How to Handle Inappropriate Foot Touching

Yes, you read the title correctly, and no, don't worry: I'm not about to go all After School Special on you. It's just that having a cast on my leg has come with all sorts of new life lessons to sort out, and learning to handle inappropriate foot touching has only been one of them.

I just wish the technician who installed my cast had been a little more clear on how my entire life was about to change, but she contented herself merely with telling me not to get my cast wet and not (I promise that this was her only other advice) to drop pennies down into it.

It turns out that there are plenty more things she could have warned me about my imminent cast-wearing adventures. Maybe she thought it would be fun to let some of these things come to me as a surprise.

Things They Didn't Tell Me about Wearing a Cast:
  • Casts weigh approximately five hundred pounds.
  • They are not, as the technician claimed, made of fiberglass, but are actually formed from a dangerous  combination of sandpaper and moon rocks. 
  • Showering will now require the patience of Job, the strategic cunning of Napoleon, the willpower of an Olympic triathlete, and a ridiculous rubber boot that will cut off all circulation to your entire appendage---once you actually get it squeezed on over your injured extremity, that is. Have fun stripping the skin off your knuckles as you scrape them against the sandpaper coating of your moon rock cast while wrestling this cobra-like contraption on over your damaged limb, you poor schmuck! 
  • That the falling-and-catching-yourself-at-the-last-minute-while-jerking-your-legs-madly dream was about to get a whole lot more annoying.
  • You will have to deal with everyone's sudden compulsion to touch your exposed toes.
For some reason, this last one has been one of the more difficult trials to bear. Interestingly, it has not been close friends who have felt compelled to touch my toes either. Instead it's been mere acquaintances who have suddenly found themselves unable to resist the temptation to walk up to my elevated, casted foot and either 1) make some well-meaning, sympathetic remark about how swollen my toes still are (word to the wise: they're not really swollen any more. That's just how my toes look. Thanks for noticing!), or 2) reach out and touch my toes, possibly while going, "Boop!"  

Now honestly, people.  Had I been propping up a sandaled foot on the chair in front of me, none of you in your right minds (one would hope) would feel comfortable walking up uninvited to another grown adult to boop her exposed toes.  

But somehow this cast seems to be a great social leveler, inviting all and sundry to treat my toes as if they were the toes a well-beloved family member.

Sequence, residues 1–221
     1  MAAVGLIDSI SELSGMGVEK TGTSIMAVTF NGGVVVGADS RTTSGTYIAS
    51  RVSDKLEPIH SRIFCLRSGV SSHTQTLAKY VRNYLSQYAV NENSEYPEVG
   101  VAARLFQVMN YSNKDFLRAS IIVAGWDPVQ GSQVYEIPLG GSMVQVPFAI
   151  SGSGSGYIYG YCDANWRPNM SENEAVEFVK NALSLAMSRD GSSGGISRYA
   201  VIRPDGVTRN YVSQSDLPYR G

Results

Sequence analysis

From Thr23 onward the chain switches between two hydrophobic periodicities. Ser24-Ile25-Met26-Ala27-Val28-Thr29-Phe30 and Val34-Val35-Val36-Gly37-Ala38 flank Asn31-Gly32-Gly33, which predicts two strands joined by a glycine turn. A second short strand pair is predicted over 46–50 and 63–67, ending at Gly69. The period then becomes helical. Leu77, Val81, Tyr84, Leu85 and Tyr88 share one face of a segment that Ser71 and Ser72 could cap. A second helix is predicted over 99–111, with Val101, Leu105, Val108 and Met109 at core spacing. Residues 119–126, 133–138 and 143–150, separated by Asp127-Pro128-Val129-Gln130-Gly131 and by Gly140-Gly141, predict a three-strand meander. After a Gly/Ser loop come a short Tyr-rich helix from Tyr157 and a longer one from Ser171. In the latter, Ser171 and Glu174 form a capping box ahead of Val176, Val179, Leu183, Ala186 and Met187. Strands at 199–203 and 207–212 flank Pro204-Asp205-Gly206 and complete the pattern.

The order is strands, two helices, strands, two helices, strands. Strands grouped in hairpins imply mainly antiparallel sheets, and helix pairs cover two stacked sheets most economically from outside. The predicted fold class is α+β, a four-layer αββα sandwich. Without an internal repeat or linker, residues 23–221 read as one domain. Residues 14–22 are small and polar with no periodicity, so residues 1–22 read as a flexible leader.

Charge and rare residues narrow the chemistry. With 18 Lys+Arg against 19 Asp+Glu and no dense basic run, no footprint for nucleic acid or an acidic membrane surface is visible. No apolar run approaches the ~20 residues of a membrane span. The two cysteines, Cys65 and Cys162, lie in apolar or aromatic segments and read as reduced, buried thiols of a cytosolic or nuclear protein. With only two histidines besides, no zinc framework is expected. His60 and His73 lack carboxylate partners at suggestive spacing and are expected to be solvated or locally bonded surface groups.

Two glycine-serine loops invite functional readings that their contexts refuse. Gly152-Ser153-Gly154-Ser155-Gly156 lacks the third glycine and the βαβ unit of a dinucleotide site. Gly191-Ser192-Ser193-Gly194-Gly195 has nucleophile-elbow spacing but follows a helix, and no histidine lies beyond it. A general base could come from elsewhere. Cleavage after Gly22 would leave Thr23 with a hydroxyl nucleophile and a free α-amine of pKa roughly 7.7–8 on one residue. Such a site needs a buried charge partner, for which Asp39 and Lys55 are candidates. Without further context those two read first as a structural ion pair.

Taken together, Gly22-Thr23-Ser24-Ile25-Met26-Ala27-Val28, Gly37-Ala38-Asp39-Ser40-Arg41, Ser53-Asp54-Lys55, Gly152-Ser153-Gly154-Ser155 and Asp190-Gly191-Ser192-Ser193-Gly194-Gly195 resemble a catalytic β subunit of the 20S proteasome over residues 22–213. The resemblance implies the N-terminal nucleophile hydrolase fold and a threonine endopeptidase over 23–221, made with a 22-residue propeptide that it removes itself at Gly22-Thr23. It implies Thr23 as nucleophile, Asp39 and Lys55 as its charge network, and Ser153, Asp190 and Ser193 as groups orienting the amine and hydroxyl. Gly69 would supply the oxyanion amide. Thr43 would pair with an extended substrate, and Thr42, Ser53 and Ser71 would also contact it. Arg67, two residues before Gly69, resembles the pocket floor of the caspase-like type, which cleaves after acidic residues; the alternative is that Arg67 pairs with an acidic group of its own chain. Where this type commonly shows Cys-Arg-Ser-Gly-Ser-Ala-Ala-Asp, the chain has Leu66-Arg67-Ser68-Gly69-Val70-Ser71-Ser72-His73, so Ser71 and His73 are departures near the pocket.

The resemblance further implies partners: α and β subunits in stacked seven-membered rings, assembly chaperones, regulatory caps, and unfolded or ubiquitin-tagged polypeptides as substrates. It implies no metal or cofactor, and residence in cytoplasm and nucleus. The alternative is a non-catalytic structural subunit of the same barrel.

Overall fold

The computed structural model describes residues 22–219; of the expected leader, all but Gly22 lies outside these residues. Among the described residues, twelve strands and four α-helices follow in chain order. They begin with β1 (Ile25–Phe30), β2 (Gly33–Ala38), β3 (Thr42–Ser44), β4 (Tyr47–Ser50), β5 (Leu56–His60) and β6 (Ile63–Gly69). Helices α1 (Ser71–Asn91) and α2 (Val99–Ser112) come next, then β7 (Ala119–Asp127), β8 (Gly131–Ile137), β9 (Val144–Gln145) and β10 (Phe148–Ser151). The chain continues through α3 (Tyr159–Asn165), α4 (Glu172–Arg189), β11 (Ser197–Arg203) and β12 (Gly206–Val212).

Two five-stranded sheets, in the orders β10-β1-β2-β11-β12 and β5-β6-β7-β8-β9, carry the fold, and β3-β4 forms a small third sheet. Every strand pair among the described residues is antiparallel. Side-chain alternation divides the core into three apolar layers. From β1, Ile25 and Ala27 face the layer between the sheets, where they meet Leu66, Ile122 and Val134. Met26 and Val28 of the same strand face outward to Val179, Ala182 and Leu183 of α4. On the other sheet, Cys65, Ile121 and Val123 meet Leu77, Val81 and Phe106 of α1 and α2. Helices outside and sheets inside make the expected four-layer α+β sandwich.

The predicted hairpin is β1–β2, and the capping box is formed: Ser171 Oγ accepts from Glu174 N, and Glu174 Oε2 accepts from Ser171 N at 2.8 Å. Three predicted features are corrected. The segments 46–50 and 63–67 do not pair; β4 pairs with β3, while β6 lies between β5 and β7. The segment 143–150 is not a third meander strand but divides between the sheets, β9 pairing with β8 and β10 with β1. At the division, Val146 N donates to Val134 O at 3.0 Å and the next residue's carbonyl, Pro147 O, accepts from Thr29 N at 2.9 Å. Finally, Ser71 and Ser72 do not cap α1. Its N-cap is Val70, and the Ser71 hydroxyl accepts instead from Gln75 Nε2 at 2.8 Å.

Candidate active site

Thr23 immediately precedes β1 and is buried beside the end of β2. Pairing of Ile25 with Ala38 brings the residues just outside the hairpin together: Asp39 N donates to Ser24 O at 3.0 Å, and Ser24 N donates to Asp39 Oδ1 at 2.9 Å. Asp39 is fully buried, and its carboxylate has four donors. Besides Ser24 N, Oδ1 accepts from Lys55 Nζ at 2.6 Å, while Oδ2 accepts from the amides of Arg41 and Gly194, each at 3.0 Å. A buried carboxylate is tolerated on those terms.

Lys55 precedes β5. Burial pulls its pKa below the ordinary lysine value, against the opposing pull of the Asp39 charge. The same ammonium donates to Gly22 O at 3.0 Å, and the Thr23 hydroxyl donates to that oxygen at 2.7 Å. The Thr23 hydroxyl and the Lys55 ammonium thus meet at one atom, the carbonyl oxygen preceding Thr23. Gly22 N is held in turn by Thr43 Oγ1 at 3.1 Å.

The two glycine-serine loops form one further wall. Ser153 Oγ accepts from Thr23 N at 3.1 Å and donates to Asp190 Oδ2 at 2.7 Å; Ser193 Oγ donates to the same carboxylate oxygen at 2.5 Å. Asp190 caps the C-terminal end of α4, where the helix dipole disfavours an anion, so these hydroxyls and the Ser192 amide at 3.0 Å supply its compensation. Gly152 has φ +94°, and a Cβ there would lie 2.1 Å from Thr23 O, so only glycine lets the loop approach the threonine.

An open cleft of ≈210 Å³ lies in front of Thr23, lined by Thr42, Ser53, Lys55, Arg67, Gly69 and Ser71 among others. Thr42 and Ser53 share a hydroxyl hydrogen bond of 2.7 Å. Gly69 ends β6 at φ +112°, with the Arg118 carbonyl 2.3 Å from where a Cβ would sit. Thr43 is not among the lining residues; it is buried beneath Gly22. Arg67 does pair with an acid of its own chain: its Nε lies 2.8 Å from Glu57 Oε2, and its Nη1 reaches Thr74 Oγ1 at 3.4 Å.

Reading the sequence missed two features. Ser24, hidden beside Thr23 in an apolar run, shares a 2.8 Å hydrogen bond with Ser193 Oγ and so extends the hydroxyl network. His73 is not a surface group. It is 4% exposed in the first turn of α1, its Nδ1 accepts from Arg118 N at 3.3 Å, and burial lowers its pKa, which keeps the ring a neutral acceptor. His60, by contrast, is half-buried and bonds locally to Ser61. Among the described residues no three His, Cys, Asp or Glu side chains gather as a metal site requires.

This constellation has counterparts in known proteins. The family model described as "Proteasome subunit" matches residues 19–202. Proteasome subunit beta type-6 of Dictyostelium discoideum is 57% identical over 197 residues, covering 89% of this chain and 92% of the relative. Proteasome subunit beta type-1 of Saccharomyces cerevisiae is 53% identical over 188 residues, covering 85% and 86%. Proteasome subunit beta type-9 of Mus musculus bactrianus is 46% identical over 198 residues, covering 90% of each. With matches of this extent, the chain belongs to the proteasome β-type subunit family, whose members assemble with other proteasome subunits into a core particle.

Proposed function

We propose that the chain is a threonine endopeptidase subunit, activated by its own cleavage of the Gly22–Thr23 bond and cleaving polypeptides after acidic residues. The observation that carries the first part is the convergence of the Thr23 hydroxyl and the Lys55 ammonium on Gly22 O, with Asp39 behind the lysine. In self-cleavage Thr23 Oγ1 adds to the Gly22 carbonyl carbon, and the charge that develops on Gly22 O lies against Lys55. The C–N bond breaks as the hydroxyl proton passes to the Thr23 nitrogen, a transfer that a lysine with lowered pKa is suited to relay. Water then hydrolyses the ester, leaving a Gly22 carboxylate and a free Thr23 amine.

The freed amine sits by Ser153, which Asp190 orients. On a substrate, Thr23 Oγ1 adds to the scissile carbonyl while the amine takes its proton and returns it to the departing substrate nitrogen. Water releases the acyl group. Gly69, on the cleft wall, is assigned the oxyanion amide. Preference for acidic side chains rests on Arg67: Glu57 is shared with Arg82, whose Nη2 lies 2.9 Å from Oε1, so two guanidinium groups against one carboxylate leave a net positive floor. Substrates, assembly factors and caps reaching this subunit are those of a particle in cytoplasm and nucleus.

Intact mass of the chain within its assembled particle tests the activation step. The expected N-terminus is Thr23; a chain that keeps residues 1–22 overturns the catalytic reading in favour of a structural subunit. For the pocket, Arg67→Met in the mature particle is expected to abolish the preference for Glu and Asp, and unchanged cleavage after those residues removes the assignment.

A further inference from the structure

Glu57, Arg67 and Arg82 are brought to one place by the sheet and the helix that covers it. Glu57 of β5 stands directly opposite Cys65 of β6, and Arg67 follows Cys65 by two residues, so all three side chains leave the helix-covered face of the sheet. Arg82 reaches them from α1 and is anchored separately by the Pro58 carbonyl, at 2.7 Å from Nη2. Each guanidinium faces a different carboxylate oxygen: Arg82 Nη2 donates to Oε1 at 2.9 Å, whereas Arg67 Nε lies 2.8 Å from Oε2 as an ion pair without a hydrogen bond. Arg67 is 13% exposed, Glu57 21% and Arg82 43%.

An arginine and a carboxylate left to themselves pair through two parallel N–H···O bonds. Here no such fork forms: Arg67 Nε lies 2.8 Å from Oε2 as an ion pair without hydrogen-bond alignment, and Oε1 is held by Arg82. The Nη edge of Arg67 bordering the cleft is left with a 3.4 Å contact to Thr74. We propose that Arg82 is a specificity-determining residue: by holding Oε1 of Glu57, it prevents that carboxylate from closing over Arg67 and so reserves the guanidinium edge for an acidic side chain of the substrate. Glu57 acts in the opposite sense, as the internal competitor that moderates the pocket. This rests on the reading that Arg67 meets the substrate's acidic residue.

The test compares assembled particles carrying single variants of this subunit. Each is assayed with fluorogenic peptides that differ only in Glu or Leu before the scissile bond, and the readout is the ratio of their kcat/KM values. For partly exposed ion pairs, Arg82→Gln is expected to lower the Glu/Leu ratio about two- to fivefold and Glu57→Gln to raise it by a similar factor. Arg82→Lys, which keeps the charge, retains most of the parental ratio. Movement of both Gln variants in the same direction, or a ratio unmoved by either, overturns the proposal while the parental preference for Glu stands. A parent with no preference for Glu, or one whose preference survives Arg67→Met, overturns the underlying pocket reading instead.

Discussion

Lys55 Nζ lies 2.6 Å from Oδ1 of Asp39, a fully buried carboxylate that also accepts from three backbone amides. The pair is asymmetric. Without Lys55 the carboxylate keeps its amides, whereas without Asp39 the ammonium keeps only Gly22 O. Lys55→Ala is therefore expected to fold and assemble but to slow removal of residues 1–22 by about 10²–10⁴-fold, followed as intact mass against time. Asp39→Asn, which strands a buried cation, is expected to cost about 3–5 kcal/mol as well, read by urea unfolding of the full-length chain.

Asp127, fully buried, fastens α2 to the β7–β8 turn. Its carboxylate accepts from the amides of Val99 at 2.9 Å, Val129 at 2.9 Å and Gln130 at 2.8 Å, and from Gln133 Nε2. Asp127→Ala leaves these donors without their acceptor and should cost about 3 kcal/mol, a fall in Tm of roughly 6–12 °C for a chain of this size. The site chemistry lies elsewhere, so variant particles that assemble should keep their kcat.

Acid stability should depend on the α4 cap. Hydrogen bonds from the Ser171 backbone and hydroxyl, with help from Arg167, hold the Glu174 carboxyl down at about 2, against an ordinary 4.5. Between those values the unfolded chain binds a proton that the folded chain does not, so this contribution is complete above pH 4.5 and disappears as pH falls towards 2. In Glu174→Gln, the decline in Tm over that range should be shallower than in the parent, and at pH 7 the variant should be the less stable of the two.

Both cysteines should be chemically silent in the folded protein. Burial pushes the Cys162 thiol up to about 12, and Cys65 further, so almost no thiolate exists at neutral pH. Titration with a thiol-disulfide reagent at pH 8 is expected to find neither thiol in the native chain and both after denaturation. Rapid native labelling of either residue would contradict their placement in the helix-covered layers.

This must be how pregnant ladies feel about unwanted belly touches. I mean, in what scenario would it be wise to approach a lady and unexpectedly lay the flat of your hand across her stomach?  The fact that she is pregnant does not necessarily make it open season on spontaneous belly touches, and the fact that my toes are exposed and propped up at face level does not mean that I want you to touch them. 

Having never experienced pregnancy, I'm in no position to offer advice on warding off unwanted belly touches.  I am, however, in the unique position of offering advice on handling unwanted foot touching.

How to Handle Inappropriate Foot Touching: 

1. Have your toes amputated. Admittedly, this is bit extreme, but still. Problem solved!
2. Instead of having people sign your cast, have it emblazoned with the insignia, "DO NOT TOUCH!", a frowny face, and an angry arrow pointing downward. Although if your friends and family are anything like mine, this will just provoke them.
3. Cut down a few of your socks to half size, worming a fresh one into the front of your cast each morning, thus removing temptation from view. It took me three weeks to think of this, I'm ashamed to say. But I'm happy to report that not only did nobody touch my toes today, but that for the first time in weeks, the poor little things remained warm while I was at work. 

The truth is that although wearing a leg cast can be difficult, it's certainly not the hardest thing ever. I mean, I recently watched a Youtube video about a this amazing, armless woman. And although I don't like having people walking up and touching my (possibly swollen) toes, I've been thinking lately that at least I have toes.

And that reminder makes everything -- even inappropriate foot touching -- a bit easier to handle.


  1. Wait. WHY is it bad to drop pennies down a cast??

    1. I've heard that all your weirdest wishes come true!

  2. You can also paint your toes and nails to look infected and scabby. Oatmeal, Elmer's glue and nail polish in green and yellow shades goes a long way in creating "zombie toes".

    1. This is a GREAT IDEA. I'm going to keep my toe sock on for the duration of my cast and then paint them like this for my first day out in sandals. :)

  3. Hahaha...glad you figured out the socks....and yes it is annoying when random strangers touch your pregnant belly, from past experience. I think they forget it is attached to you still.

    1. It's as if somehow people feel personally involved in your injury (or pregnancy) even if they don't know you. It's weird.


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